Second, it is being argued that China’s leaders are quite unhappy not only because the Russians proved unreliable but also because their “bosom buddy” proved militarily and politically incapable in Ukraine, especially as the Ukrainian resistance is becoming formidable. Third, China does not want to damage good trade ties with the West, particularly with the EU and with the large economies in Europe. More so because repeated epidemic lockdowns are already threatening a 5.5% growth target becoming seemingly unrealistic and unachievable. Fourth, China appeared to have been caught in a bind as it believed just like in the Crimea eight years ago, this time round too Russia was carrying out a “rescue mission” in Donbas region. This explains why China didn’t display exigency in evacuating thousands of its own nationals stranded in Ukraine. Fifth, last but not least, already feeling frustrated and awkward by miscalculating the Russian game-plan in Ukraine, the Chinese leaders wisely started to “abruptly change” their apparent eagerness to broker a peace? As mentioned, this year being the year of the crucial twentieth CPC national congress, given the unreliability of the Russians, the Chinese leaders were not at all in a mood to risk a failure in mediating.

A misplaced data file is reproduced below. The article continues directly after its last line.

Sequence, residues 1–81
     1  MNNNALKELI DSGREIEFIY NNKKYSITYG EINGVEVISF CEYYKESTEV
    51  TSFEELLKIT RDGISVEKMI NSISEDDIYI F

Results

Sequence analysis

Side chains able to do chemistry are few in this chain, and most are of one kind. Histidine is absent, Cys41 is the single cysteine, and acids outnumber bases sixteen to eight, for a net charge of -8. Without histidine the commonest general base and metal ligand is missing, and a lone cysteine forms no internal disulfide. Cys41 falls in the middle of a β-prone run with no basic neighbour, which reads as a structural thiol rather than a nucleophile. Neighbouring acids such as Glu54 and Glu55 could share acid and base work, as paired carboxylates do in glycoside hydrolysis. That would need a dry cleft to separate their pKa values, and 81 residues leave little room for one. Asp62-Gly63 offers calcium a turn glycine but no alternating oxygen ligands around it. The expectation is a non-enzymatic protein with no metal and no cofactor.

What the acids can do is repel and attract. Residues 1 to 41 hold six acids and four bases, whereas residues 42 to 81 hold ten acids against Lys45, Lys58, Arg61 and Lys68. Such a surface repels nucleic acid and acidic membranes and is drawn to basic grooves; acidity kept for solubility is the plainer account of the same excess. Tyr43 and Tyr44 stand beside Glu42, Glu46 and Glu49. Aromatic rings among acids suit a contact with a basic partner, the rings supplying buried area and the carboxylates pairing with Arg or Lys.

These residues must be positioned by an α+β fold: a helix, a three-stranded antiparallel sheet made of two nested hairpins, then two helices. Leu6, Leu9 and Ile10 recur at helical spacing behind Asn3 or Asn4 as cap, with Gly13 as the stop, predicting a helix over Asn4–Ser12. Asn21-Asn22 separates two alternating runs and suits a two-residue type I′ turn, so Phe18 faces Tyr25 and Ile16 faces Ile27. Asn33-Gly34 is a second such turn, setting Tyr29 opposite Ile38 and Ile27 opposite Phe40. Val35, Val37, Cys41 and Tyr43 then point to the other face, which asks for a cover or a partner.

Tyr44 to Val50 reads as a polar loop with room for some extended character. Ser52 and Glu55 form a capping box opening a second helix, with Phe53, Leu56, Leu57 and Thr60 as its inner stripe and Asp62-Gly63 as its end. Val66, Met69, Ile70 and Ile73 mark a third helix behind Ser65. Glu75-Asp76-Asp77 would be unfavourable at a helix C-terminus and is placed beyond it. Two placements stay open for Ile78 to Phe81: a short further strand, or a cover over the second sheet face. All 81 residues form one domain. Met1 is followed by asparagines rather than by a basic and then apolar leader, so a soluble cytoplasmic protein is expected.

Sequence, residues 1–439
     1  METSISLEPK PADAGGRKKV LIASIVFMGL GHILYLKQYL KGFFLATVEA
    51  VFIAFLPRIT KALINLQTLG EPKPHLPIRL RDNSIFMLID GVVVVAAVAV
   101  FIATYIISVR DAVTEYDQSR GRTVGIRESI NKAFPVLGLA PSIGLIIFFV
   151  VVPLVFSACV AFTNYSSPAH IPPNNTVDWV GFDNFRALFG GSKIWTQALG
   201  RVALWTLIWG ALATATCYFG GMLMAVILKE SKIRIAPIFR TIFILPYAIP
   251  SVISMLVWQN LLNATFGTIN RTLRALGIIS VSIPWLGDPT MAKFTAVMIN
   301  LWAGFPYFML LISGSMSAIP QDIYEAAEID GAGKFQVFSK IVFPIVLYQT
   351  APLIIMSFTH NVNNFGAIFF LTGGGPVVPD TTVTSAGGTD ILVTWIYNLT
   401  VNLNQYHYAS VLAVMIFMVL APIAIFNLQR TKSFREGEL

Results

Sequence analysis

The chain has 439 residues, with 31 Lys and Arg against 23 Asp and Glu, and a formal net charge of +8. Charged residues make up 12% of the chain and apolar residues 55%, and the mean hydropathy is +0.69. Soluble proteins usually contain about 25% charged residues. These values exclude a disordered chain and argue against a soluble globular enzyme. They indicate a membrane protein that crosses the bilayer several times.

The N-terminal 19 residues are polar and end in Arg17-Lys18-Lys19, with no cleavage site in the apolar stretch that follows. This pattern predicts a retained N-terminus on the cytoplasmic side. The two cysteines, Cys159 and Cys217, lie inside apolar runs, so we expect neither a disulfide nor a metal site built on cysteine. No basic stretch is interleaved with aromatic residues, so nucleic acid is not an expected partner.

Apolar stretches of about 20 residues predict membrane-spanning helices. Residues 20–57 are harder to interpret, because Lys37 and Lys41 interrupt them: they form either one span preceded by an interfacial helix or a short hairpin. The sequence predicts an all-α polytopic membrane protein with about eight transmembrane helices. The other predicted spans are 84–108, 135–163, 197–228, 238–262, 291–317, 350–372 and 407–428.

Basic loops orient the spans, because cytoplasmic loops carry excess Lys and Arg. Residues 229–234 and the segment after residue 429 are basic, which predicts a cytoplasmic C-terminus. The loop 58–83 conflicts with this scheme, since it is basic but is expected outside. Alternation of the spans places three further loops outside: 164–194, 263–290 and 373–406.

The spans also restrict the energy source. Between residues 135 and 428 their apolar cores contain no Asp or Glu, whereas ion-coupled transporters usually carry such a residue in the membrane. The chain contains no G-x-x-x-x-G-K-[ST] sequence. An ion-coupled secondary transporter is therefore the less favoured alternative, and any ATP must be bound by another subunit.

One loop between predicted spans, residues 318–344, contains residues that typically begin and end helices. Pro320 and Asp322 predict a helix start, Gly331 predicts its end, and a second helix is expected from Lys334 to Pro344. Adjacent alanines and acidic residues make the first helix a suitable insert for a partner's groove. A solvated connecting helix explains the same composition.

Wang Yi: Wars End Eventually
In short, it is common knowledge that it is not in the nature of the CPC or its leadership to admit its faulty assessment or tactical miscalculations. Yet it is sufficiently apparent from the debates in China that decision makers in Beijing seriously misjudged the Russia-Ukraine war as a “good” war for China. In a telling op-ed article on May 1, which attracted an unusually high readership running into over half a million in less than 24 hours, Professor Yang Guangbin, Dean, School of International Studies, Renmin  University wrote, as if to alert the leadership: “The Ukraine war has greatly weakened Russia. As a result, the US/West have entered a highly incompatible security environment with Russia. The impact of such a grave situation on the US-China relations is not going to be easy to gauge.”
Imagine, then, in the face of alleged rising humanitarian crimes being carried out by the Russian forces against the civilians in Ukraine and in the backdrop of top Russian officials continuing to speak on the use of nuclear weapons, how anxious the Chinese leaders would be in the year of the crucial national party congress about the merits of continuing support to Russia? It is perhaps under such pressure Chinese foreign minister Wang Yi, otherwise known to be astute and insightful, made a most amusing remark, which surprisingly went unnoticed in the world media, in his online meeting with the Ukrainian foreign minister: “wars end eventually.” (My emphasis)